The next question is what do you want to find out? While there is little real agreement on the specific questionnaire under each domain, there is some agreement among researchers at least about the domains that are thought to be important.  Clinicians’ opinions about relevant domains are not well-represented in the literature, unfortunately, so it’s a little bit of a guess to determine what is and isn’t useful to include.

From a researcher’s point of view, the IMMPACT set of recommendations is a good starting point.  Unfortunately, it’s quite demanding for day-to-day clinical use, although the instruments included in the recommendations are, naturally, of excellent quality.

The domains our team came up with were (in no particular order):

Mood and anxiety – depression, anxiety and pain-specific anxiety were chosen because of their importance to outcomes, and the need to treat psychopathology

Catastrophising – because this is thought to be one of the most important aspects of cognition that needs to be addressed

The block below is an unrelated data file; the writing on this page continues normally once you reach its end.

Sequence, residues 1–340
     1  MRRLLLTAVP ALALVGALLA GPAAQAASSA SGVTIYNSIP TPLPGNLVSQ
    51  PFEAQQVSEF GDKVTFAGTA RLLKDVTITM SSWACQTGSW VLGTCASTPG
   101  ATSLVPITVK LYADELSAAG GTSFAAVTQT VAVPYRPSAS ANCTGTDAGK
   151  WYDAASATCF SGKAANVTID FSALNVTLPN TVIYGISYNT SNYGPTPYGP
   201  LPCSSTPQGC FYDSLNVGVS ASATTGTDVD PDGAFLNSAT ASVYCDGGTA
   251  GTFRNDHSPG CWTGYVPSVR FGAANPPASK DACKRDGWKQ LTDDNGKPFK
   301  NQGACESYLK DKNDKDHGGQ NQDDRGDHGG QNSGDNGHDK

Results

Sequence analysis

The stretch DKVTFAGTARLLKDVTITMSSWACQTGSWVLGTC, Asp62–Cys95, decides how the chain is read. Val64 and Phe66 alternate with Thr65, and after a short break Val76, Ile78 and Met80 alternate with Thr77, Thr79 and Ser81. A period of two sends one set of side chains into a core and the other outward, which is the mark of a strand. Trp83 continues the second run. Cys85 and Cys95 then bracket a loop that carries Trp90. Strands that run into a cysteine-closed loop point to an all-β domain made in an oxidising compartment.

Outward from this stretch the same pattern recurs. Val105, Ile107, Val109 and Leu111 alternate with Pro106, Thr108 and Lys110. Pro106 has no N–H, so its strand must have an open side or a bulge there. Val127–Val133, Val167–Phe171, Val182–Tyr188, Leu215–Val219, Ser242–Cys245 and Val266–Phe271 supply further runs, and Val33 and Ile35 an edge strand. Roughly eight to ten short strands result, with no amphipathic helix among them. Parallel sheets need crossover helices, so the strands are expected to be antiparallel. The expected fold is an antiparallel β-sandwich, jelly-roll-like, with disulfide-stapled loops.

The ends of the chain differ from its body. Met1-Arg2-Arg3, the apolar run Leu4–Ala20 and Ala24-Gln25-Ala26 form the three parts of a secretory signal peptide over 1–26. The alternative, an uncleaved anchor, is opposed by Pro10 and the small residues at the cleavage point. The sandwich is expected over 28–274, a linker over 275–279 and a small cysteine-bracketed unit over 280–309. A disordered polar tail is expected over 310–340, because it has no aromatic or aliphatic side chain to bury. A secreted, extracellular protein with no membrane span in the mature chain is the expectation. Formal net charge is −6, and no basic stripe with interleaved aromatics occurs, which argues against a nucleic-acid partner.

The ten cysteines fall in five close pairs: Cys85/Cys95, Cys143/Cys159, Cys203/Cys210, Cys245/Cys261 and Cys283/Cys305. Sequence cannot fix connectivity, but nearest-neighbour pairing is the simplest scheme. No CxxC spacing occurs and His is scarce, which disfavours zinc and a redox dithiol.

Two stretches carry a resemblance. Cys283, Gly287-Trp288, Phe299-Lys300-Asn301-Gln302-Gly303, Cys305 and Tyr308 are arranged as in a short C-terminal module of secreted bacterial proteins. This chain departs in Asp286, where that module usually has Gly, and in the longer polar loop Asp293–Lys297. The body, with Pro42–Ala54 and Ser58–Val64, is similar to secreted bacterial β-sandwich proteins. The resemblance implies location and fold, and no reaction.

Pain-related anxiety and avoidance – because this appears to be one of the strongest predictors of ongoing disability

Acceptance – this domain has been emerging as an increasingly important treatment process variable, and may be a target for intervention

Pain location and intensity – yes, we do ask, just in case you wondered!

Pain self efficacy – again, this seems to be an important process variable, and a target for treatment.  It’s also associated with higher levels of disability.

Pain-related disability – this is, hopefully, one of our most important outcomes, so we measure this more than once.

The specific instruments we have come up with is the subject of my next post!

There is some debate about the purpose of pre-treatment questionnaires (and assessment, to be honest!).  I’ve used the MPI (the link takes you to a pdf copy – but please don’t just go and use it without reading about it in the original article or in review articles!), which has been used to profile patients into treatment groups; I’ve also used a set of questionnaires that lacks this profiling capability.  To be perfectly honest, I would love to think there is a really sound treatment profiling instrument, but I don’t think we’re there yet.  The MPI has some very good characteristics, and it certainly helped determine the most appropriate treatment stream in the setting where I used it, but it lacks a strong theoretical model to underpin it, and with the most recent research developments in acceptance and self efficacy and catastrophising, I wonder whether it’s The Best Questionnaire Ever.